“When do our current assertions and actions toward racial or any other kind of inequality contradict our deepest claims to Christian commitment?”
The young wrestler acquiesced, and, with only seconds to spare, his hair was cut with the crowd watching, a 41-second eternity now viewed on social media over 15 million times. Johnson won the match in overtime, but there was no joy in him. It wasn’t about hair; it was about humiliation, and yes, race.
Johnson’s case is not trivial. What some might dismiss as merely a rules issue, poorly managed, has now become a racial issue, yet another public symbol of the continuing realities of race and racism in American culture. The referee has been suspended pending an investigation by the New Jersey Division on Civil Rights.
Watching the video of those New Jersey events reminded me of the warnings that African-American parents give their children, particularly their male children, on being young and black in the U.S.A. It brought to mind the cautionary advice that our African-American former pastor and up-the-street-neighbor gave his then high school-age son, now a first-year student at Yale: “Don’t ride your bike in the neighborhood after dark; don’t run through people’s yards, even if your friends are doing so; and if the police stop you, don’t argue with them.”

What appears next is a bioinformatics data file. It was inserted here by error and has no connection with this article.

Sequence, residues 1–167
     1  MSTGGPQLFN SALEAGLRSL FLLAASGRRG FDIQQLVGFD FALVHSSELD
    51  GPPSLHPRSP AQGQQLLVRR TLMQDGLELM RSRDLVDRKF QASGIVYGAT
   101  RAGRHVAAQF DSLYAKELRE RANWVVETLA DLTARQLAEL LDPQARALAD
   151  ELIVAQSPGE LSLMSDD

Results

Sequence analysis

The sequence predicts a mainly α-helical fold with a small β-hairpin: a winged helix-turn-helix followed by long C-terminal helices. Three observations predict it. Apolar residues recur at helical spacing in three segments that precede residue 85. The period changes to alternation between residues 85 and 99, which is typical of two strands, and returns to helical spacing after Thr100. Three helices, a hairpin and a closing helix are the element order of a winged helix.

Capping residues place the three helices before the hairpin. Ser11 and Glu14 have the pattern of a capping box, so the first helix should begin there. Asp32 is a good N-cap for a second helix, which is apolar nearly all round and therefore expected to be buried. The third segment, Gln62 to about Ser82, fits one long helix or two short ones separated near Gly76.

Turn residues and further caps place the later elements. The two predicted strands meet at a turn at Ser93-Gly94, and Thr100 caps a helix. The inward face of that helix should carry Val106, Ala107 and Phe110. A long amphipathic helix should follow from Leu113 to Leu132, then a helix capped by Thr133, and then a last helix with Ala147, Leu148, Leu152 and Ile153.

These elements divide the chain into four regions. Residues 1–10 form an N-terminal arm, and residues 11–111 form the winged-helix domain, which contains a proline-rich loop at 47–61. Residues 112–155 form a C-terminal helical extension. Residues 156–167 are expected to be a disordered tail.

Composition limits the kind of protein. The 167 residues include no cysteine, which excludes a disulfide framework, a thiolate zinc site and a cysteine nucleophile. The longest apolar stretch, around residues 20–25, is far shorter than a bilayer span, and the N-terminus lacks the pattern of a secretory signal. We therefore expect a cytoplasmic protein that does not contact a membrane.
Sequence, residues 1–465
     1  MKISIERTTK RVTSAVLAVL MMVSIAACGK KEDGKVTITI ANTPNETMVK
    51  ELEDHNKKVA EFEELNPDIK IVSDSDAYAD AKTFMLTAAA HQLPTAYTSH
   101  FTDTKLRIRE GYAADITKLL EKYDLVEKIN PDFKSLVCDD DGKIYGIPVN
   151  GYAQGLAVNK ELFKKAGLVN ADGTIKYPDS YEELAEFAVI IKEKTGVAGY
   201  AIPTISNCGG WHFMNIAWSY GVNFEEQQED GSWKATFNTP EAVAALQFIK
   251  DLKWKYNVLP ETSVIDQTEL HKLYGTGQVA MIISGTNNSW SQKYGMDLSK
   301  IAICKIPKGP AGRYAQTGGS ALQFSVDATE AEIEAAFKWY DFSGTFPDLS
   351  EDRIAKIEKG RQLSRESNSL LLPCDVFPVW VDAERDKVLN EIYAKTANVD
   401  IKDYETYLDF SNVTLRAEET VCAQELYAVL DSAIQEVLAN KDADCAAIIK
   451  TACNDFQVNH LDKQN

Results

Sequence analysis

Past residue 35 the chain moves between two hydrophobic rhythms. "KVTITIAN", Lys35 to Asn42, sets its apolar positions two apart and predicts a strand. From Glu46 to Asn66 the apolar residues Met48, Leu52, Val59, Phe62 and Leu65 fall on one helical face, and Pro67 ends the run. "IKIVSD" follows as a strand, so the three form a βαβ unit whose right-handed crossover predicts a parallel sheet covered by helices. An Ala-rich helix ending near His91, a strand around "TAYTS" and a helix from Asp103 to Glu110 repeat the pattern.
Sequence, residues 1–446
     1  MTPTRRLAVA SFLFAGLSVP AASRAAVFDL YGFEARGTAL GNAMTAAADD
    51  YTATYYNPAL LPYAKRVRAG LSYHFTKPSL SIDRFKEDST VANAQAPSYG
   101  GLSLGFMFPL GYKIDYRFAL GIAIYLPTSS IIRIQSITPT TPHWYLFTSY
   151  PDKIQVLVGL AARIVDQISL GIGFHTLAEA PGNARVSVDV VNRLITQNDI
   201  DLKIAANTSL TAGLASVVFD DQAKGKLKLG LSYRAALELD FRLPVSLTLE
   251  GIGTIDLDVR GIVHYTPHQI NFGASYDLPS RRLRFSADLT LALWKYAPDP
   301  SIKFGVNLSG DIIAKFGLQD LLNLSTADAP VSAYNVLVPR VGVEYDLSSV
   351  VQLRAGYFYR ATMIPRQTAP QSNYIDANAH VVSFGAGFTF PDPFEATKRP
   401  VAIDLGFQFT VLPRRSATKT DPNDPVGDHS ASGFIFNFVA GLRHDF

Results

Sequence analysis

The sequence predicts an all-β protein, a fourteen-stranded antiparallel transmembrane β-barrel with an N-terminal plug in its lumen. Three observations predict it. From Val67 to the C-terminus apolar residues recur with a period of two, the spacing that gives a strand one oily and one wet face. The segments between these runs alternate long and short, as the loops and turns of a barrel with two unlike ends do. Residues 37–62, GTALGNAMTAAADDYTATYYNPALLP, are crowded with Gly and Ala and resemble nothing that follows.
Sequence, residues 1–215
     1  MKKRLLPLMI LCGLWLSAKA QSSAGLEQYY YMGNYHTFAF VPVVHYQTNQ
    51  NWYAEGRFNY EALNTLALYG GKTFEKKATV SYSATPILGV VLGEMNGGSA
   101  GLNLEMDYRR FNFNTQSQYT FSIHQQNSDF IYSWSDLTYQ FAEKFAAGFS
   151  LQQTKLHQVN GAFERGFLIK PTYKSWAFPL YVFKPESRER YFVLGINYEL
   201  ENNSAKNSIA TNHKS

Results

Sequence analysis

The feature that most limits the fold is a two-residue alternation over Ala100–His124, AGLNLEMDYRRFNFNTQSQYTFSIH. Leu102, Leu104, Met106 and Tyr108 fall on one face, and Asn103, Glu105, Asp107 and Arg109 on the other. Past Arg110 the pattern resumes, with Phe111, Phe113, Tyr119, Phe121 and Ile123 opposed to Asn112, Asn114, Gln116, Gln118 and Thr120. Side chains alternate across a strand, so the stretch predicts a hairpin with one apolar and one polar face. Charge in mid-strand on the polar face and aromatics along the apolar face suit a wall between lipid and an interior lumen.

I also went back to this passage from W.E.B. DuBois’ great work, The Souls of Black Folk, published in 1903, 40 years after the Emancipation Proclamation: “The Nation has not yet found peace from its sins; the freedman has not yet found in freedom his promised land. Whatever good may have come in these years of change, the shadow of a deep disappointment rests upon the Negro people.”